Mixed paper is continuing to attract £25 per tonne or above from UK mills but, once again, the export market has edged lower to around £3536 a tonne. The differential between domestic and export prices is still enough to ensure a continuation of the healthy flow of material to India and China that has been witnessed throughout the year to date. A leading merchant processor commented: The only interference has come from shipping rates and the strength of sterling against the dollar, although the initial wave of increased shipping rates seems to have eased back a little over the past few weeks.
Although India and China remain major buyers of UK material, neither of these markets are without their complications at present. Some ports in India are understood to be full to overflowing and difficulties are reported in obtaining sufficient container capacity. Recovered paper has a lower value compared with other products going through the ports and so it is not getting priority status, MRW was told this week. Meanwhile, anyone with an interest in the Chinese market is having to keep a watchful eye on latest developments relating to the countrys new registration scheme for overseas suppliers of recyclables. Temporary licences have started to come through but concerns continue to surround the tightening of inspection procedures by the Chinese authorities. A leading figure within the UK recovered paper industry suggested that isolated problems were leading to the rejection of entire shipments even if they comprised material from a number of different sources a reaction he described as harsh. If the Chinese were too free in their rejection of loads, he argued, then they would run the risk of losing good suppliers. Its the same as with the mills, he added. If a mill makes unreasonable quality demands, then it could find itself struggling to find its supplies or paying a premium.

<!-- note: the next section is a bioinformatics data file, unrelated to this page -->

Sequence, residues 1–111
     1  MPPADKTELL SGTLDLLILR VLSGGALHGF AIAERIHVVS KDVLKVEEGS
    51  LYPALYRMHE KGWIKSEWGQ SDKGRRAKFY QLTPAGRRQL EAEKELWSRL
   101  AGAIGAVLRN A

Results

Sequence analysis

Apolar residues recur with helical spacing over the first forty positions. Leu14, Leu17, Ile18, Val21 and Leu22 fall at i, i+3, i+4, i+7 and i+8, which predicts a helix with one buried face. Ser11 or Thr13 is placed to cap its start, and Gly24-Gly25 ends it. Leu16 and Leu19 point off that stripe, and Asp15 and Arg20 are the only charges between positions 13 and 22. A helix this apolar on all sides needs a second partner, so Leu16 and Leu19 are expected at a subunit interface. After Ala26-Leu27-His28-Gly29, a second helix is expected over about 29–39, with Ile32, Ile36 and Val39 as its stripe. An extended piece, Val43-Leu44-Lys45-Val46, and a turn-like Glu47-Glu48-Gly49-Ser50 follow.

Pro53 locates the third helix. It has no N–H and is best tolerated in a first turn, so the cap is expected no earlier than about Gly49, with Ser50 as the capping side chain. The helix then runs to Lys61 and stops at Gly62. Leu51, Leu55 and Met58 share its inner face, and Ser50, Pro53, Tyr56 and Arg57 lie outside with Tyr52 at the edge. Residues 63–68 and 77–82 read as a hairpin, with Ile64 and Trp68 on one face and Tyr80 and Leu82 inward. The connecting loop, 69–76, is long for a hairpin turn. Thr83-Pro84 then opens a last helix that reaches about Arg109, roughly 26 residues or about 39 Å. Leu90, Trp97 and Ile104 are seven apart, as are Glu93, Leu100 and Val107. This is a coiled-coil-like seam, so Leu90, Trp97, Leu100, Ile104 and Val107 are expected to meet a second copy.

Despite concern over the strictness of inspection procedures in China, leading lights within the UK export sector acknowledge that the wider push towards increasing quality levels will have a positive, long-term impact on the image of the recovered paper industry as a whole.
As for UK demand for packaging grades, mills appear reasonably content with current order positions while describing the outlook for the fourth quarter as a little uncertain and margins as a bit of struggle. A paper and board industry spokesman observed: There has been some pick-up in the main European economies and so there is less pressure on UK producers from imports. Equally, he added, mills were under no real pressure with regard to recovered paper stock levels.
Some slightly more positive noises have also come from the domestic newsprint sector, which has reported a slight upturn in newspaper advertising at national level although this has yet to be translated into significantly larger orders for their own products. Newsprint demand has shown no improvement over last years level but, on the upside, imports are said to have dropped by 45%.
As for de-inking grades of recovered paper, there were reports this week of a slight reduction in domestic prices for news and pams, as well as an approximately £3 per tonne fall in export returns. By contrast, prices paid for overissue news have held steady both for home and export business.
Following significant price reductions in May and June, tissue grades experienced no further weakness in July although consumption levels at some UK mills was reported to be significantly lower last month. Sales prices for the mills end products have suffered marked fa